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Congratulations, Class of 2022!

Seniors, you did it! Between late-night study sessions, on-campus or Zoom classes, and the hurdles you went through the last few years, we know how hard you worked to earn your undergraduate degree. Now that this chapter of your education has come to an end, you deserve to celebrate this accomplishment, and we couldn’t be more excited for you. 

Grad Cap Design Contest Winners

This year, Forté held its third Graduation Cap Design Contest, and our impressive community of undergraduate women went above and beyond with their designs. The three winners are Abbigail Davis, Melanie Rojas, and Qi Cao!

           

Abbigail’s inspiration and cap:

 I am graduating with my Bachelors in Social Work (BSW) and Bachelors of Multidisciplinary Studies (BMDS) from West Virginia University. I decided to pick words that represented each of my three minors to include on my grad cap, along with both of my degrees. ‘Resist’ comes from my sociology minor, as I’ve learned without resistance there can never be progress or justice against large societal structures like the patriarchy. ‘Advocate’ comes from my women and gender studies minor, as I’ve learned how to better identify my privileges in order to adequately advocate for oppressed groups. Lastly, I chose ‘Empower’ from my leadership minor, as throughout my experience learning about leadership I have decided that the difference between a good leader and a great leader is their ability to empower others. 

 

 

           

Melanie’s inspiration and cap:

When designing my cap, I wanted to incorporate pieces of my identity and culture as a first-generation Latina college graduate. When I was 3, my mom and I ventured from Peru to the U.S. to reunite with my dad who was living in Maryland. I don’t remember anything about that trip, but as I grew up I came to understand that a large part of my identity was tied to Peru, a country that was over 3,000 miles away. I grew up in a suburban household full of love from my parents and siblings, but always longed for a connection to my aunts, uncles, and younger cousins in Peru. Family is one of the most important aspects of life to me.

I dedicate my cap to my family from Peru. It is because of their sacrifices (particularly my Abuelita who was the first to come to the US in the 90’s) that I am the first to graduate from college. My hat includes the Spanish phrase ‘volando alto’ which translates to ‘soaring high.’ (The phrase is) a nod to the first airplane flight that I took at age 3 from Peru to Washington, D.C., that transformed the trajectory of my life, but is also a quote I want to live the rest of my life by. The bottom half of my cap is a recreation of the Peruvian flag, the country that I was born in and love so dearly. And on the sides, my cap is adorned with butterflies, which represent the dignity and resilience of immigrants in America. And last not but least, I have four roses, one for each of my grandparents who have been my inspiration to become the first in my family to graduate from university!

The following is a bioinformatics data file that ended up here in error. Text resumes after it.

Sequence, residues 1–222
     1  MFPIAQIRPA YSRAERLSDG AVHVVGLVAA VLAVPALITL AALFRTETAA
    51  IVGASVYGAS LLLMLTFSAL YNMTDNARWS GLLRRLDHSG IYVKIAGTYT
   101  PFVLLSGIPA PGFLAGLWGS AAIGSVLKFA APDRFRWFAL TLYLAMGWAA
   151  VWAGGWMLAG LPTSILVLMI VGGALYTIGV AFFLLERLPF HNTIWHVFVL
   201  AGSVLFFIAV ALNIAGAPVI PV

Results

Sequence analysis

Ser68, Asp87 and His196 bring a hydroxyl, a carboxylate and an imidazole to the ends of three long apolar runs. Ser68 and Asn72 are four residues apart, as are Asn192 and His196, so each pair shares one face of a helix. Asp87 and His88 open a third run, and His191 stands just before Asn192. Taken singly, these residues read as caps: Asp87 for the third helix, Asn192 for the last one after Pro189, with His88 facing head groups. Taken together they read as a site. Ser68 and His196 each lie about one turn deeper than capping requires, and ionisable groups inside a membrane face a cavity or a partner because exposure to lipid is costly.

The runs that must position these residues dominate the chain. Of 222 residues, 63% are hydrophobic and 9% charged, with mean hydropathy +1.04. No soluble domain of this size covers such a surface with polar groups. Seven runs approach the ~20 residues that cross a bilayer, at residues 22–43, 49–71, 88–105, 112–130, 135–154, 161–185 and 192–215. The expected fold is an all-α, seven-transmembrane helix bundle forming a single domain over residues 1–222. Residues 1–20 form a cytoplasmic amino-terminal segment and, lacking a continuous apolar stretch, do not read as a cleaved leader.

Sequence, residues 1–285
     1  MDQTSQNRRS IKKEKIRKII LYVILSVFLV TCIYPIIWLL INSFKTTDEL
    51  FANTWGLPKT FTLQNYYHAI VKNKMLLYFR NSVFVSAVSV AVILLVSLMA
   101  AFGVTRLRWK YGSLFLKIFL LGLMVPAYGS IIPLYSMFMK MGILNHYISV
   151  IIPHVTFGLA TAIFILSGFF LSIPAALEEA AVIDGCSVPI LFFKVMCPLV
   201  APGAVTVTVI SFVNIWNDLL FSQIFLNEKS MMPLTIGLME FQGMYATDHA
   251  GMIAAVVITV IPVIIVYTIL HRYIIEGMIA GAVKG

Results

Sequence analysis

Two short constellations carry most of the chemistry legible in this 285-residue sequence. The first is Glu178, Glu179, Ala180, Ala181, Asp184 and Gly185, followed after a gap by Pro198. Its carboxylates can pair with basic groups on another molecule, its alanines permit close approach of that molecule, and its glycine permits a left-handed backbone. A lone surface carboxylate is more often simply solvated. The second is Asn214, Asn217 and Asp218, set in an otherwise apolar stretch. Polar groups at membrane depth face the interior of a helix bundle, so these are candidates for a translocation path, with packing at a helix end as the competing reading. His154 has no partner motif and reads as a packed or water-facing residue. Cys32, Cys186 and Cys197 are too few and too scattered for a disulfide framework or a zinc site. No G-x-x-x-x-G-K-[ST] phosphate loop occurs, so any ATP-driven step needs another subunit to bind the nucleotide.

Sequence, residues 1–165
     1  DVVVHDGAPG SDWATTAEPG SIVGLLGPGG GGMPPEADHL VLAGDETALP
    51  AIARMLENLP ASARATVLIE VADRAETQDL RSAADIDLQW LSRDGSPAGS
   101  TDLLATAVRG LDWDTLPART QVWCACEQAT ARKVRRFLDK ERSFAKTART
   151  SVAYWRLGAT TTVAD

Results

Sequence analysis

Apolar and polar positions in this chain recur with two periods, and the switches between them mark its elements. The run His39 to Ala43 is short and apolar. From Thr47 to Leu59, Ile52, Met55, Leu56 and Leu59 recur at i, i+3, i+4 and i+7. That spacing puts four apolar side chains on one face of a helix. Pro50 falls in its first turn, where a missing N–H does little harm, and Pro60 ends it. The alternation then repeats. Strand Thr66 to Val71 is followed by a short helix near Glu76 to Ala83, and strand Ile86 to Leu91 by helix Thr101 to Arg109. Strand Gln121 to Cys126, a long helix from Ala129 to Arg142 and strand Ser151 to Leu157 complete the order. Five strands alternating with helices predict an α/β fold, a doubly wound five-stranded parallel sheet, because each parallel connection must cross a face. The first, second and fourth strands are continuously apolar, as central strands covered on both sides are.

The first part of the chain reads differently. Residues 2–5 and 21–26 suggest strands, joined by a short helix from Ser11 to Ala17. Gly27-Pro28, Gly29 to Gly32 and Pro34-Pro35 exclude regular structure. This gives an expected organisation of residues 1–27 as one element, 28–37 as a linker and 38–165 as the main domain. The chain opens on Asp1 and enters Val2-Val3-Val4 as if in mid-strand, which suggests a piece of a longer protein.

Qi’s inspiration and cap:

As a first-generation college student, I stand on the shoulders of several generations who’ve paved the path for me to be here. I always consider first-gen college students as brave pioneers, following in the footsteps of predecessors and creating new paths. In my point of view, the explorations start with bold dreams. The dreams give me the motivation to strive for the things I like, no matter how hard it seems to be. So at the center of my cap, is the phrase ‘Dare to dream.’ It represents my attitude toward my life.

The shining gems around the phrase represent the people who helped me. There are so many people to thank at this point in my life. Everyone who has helped me is like a little star; they use their kindness to light my road through the darkness and give my adventure a little hope. At the bottom of the cap are the initials of my name. I used two colors: purple and blue. Blue is the color of my undergraduate school, the University of Rochester, and purple is the color of my future graduate school, New York University (which is my dream school, as well). I’m going to attend NYU’s Master of Economics program starting in September. On the left and right sides are my graduation year and my major, financial economics (FEC). Also, I chose small pearls to decorate the cap because I want them to match with the pearl on my qipao. Qipao is a kind of traditional Chinese dress. I wore it to show my identity and culture. I designed my cap this way because I want it to be both meaningful and aesthetic at a significant point in my life. 

Grad Cap Design Submissions:

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